Saturday, September 29, 2007

Look back in wonder, part 3

I realize I said this would be an occasional series and I just wrote about seeing Saint Etienne a few days ago, but I could not let this particularly anniversary go by: On September 29, 1989, I saw the Jesus Lizard for the first time. Oh mama!

Back then I was in grad school at Rutgers in New Brunswick, so I saw a lot of shows at the Court Tavern, a local dingy, super-low-ceilinged basement venue. Of all the good gigs I caught there (Mudhoney, Laughing Hyenas, Tiny Lights, the A-Bones, Beme Seed), none made as much of an impact.

According to the Touch & Go site, the Jesus Lizard played its first-ever show on July 1, 1989, in Chicago, so the band must have been on its first tour when I saw it. And maybe a band can only have that sense of unhinged mania on its first tour; later, you learn that it's probably a good idea not to get wasted—in every sense of the word—every night. The Lizard mixed a sense of threatening, quasi-psychopathic rage with a surprisingly disciplined reptilian crawl forward (the band wasn't big on BPMs). The explosive rhythm section of Mac McNeilly and David Sims plus the economical Duane Denison on guitar plus one of the best frontmen ever in David Yow: These guys were the perfect rock unit.

It's too bad that Yow is now remembered, if at all, as that guy who used to drop his pants during shows. And yes he did expose himself during "Tight ’n Shiny" at the Court, but it's not like he was just letting it all hang out, as it were: Like everything else the Lizard did, he went further by pulling and stretching and choking himself in a way that would have been painful if he hadn't seemed to be in some kind of trance. Some people speak in tongue, others become rock singers.

Another thing about Yow: He was a man, not an overgrown boy indulging in rock because it's a cool thing to do. He was around 29 in 1989 (he'd already been in Scratch Acid in Texas), and he had a kind of beat-up gravitas. When he got in your face at a show, it was scary because you felt that he was old enough to know better—he just didn't care to know better.

The next time I saw the Jesus Lizard was on April 28, 1990, at Maxwells, where it was opening for some new Seattle band called Nirvana. Nirvana didn't stand a chance following up the Lizard; I left after maybe four or five songs by Cobain & Co. In retrospect of course I regret not staying longer for Nirvana, a band I never saw again, but that night in 1990, nobody could play after the Jesus Lizard.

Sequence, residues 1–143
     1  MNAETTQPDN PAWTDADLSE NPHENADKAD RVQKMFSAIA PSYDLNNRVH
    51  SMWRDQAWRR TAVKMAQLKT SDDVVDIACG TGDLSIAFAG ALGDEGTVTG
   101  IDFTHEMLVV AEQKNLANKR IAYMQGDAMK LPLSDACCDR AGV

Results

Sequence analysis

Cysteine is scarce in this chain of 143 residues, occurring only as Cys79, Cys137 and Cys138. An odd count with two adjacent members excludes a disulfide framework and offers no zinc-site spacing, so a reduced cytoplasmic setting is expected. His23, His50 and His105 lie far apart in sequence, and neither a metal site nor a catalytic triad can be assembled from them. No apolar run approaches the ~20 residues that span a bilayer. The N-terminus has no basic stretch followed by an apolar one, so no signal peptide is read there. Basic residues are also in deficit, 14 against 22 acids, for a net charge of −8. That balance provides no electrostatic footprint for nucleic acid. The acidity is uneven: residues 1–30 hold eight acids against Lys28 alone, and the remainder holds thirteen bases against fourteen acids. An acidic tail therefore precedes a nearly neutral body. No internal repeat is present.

That particular bill illustrated a dichotomy very much of its time: grunge vs pigfuck. I preferred pigfuck, especially in its midwestern incarnation, which included the Lizard, Killdozer and pretty much the entire Amphetamine Reptile roster. I just loved that amorphous genre's violent misanthropy and its strong strain of elaborate artiness, for lack of a better word (best example: Killdozer); the music was a lot more fucked-up, aggressive, and complex—and a lot less predictable—than grunge, which relied way too much on tension-and-release dynamics that quickly became generic. Plus pigfuck didn't wallow in self-obsessed misery: Pigfuck was all about taking it out on others!

The Jesus Lizard released the Pure EP in 1989 but I'm going to forego historical purity and post tracks from its 1991 album Goat, the studio album that to me best captures the mix of genius precision and batshit abandon that characterized the band live, and one of the best albums of the 90s. Here's a sensational three-track consecutive sequence from it.

Jesus Lizard "Karpis"
Jesus Lizard "South Mouth"
Jesus Lizard "Lady Shoes"

3 comments:

Jack El Dorado said...

Yours is a very astute ascertainment of the grunge vs pig fuck dichotomy. Thank you very much!

Luke N Atmaguchi said...

So I went to this PopMontreal things, which no, wasn't very Francophone.^ And a local "urban hipster lifestyle" blog agreed to publish my outsider's take. You can find it, in installments (their choice), at:

midnightpoutine.ca

BK

^Save for some stage patter, and here and there a verse or chorus. The frog consulate co-presented DJ Mehdi & Kavinsky, Arman Melies, Kumi Solo, Jordan and Yelle.

Elisabeth Vincentelli said...

Love Yelle! She's not reinventing the wheel but what fun.